Al Jazeera's Barnaby Phillips in New Delhi said: "Congress appears to have done spectacularly well, particularly against the left and forces of the [rival] Third Front, whose supports appears to have collapsed in some areas.

"In the centre of New Delhi, outside the Congress party headquarters, supporters are out on the streets celebrating."

'Right choice'

Sonia Gandhi, the Congress leader, said the people had made the right choice.

"First of all I would like to thank the people for reposing faith in the Congress party once again," she said during a joint news conference with Singh.

In depth

Features and analyses on India's general election

Stay up-to-date with the latest from the polls
"The people of India know what is good for them and they always make the right choice."

The UPA is, however, still short of the 272 seats needed for a parliamentary majority.

The BJP-led alliance is projected to take 164 seats while the Third Front, an alliance of communist and regional parties, is set to win only 79 seats, local media said.

Arun Jaitley, leader of the BJP, conceded that his party had been defeated.

"The Congress has the biggest mandate ... I think if Congress wants to compliment some of its leaders in this hour of victory, I think they're entitled to do so," he said.

Prakash Karat, general secretary of the Communist Party of India (Marxist), also conceded defeat.

"We have suffered a major setback," Karat said. "This is a victory for the Congress and its allies who will now clearly form the government."

Focus on rural poor

Sankarshan Thakur, an editor with the Kolkata-based Telegraph newspaper, said the Congress had been rewarded for pursuing policies that focused on the rural poor.

India polls

Rajnath Singh, BJP president
Kirti Azad, BJP candidate and former cricketer
 Shashi Tharoor, Congress candidate. Former UN undersecretary-general
Shatrughan Sinha, BJP candidate. Bollywood star
Varun Gandhi: BJP candidate. Scion of Gandhi dynasty
L K Advani, BJP party leader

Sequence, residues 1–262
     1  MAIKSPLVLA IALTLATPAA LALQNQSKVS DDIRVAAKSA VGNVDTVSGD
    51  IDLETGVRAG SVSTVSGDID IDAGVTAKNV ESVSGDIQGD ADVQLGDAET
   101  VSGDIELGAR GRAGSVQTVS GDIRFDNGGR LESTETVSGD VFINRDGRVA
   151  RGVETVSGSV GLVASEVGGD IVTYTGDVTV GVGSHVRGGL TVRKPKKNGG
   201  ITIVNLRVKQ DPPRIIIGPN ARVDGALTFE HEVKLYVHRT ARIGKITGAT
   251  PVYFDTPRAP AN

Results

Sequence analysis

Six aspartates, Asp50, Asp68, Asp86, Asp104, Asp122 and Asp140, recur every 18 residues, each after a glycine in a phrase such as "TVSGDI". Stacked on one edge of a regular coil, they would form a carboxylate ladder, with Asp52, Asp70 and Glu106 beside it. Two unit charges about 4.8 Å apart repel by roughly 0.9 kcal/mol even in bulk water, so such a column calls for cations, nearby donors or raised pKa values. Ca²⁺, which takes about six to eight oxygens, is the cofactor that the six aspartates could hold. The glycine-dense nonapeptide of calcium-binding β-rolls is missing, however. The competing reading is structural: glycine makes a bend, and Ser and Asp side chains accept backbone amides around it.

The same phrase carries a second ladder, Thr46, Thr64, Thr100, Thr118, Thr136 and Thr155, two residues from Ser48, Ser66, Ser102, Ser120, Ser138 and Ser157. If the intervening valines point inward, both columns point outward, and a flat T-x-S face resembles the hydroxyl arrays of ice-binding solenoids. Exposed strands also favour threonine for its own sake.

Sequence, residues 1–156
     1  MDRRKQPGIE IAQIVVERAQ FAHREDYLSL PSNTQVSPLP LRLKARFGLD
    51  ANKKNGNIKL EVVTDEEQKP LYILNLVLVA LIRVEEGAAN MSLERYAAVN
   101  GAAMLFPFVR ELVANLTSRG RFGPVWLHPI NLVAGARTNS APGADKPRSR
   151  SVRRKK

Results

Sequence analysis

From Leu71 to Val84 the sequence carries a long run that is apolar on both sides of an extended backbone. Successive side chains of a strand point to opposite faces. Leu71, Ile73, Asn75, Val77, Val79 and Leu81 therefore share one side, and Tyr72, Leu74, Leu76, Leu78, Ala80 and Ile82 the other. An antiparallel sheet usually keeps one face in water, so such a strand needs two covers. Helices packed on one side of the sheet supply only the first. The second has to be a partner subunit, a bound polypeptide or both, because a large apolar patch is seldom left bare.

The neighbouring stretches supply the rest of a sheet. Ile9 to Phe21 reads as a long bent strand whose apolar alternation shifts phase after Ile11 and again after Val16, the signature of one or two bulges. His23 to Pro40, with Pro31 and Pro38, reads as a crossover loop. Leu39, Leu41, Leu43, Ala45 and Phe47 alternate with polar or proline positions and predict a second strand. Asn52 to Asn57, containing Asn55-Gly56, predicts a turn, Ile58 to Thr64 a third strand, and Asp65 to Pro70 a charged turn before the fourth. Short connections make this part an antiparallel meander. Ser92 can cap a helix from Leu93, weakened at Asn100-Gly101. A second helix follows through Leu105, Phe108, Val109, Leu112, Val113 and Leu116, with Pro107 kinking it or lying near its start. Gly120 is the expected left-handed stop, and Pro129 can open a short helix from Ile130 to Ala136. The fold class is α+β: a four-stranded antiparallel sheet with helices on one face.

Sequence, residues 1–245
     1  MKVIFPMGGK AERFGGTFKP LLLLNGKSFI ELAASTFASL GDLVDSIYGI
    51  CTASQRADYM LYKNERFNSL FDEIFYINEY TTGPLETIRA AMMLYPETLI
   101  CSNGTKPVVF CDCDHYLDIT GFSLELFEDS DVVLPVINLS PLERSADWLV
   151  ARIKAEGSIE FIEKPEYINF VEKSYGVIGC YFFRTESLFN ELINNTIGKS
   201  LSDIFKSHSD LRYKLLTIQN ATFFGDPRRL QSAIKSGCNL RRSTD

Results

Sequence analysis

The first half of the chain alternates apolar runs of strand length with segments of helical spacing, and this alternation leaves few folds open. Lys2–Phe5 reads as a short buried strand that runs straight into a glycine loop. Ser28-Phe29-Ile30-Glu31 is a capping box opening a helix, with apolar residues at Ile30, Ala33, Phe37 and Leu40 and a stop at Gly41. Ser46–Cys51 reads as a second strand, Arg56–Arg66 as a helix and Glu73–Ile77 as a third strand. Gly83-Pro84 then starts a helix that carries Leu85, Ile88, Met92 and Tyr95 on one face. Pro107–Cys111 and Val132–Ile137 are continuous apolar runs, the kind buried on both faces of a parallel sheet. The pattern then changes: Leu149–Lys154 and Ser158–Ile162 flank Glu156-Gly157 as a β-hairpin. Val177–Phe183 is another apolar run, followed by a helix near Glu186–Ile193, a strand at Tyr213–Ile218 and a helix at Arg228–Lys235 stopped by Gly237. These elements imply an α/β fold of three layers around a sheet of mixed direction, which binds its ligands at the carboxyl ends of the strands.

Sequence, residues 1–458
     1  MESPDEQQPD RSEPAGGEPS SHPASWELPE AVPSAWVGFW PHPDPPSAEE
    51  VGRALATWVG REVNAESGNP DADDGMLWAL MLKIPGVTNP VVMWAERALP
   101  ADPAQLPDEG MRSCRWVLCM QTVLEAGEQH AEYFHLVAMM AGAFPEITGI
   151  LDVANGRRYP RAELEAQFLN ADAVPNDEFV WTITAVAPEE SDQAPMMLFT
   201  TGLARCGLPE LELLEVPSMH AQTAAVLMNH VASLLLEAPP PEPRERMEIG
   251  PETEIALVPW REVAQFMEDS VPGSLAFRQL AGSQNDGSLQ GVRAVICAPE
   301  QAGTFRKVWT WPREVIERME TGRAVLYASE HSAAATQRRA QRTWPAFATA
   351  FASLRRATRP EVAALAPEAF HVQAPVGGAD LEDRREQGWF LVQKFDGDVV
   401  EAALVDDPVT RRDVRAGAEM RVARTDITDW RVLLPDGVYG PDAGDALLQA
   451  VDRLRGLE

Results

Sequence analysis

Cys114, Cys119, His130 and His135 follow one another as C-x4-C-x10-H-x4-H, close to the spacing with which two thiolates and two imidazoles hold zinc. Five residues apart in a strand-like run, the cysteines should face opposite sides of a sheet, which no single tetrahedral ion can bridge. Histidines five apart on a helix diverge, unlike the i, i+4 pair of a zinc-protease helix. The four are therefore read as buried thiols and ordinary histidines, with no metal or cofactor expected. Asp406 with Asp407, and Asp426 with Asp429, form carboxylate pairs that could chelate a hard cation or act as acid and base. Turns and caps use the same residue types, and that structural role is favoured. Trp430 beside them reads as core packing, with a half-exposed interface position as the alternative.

Jayaprada, Samajvadi party candidate. Former film actress
P Chidambaram, interior minister

Manishankar Aiyar, minister of local government
Sajjad Lone, Kashmiri separatist leader who defied boycott call and contested poll
Ram Vilas Paswan, steel minister

"It was a combination of luck [good monsoons that helped good crops yield] and good governance. Schemes guaranteeing employment for the rural poor helped," he told Al Jazeera.

Communists in the southern state of Kerala and in the eastern province of West Bengal have put in a poor performance, handing the advantage to the Congress camp, our correspondent said.

"There have [also] been big gains for Congress in Uttar Pradesh, the most populous state in all of India, and Rajasthan, in the west [of the country]," he said.

Raj Chengappa, editor of India Today news magazine, said a number of factors had played a role in the success of the Congress-led combine.

"First I think [was] their entire focus on development and the economy. Congress has a very strong economic team. Second, they have shunned divisive politics, unlike the BJP," he told Al Jazeera.

"Third, we had for the first time a very young generation that is voting in large numbers. I went to a poll booth and I was surprised that almost 50 per cent of the voters were below 25. This is an unusual phenomenon. I think they rooted for Congress.

"Another factor was that rural India voted strongly for development again, because the [ruling coalition] had money in their hands; the economic meltdown had not hit [rural dwellers] as much as [those] in urban India."

Computerised counting of votes at hundreds of centres across the country began at 0230 GMT on Saturday, with the results for all parliamentary seats due later in the day.

About 714 million people were eligible to vote in the largest such exercise in the world.

The vote was staggered over a month to allow security forces and election officials to supervise it.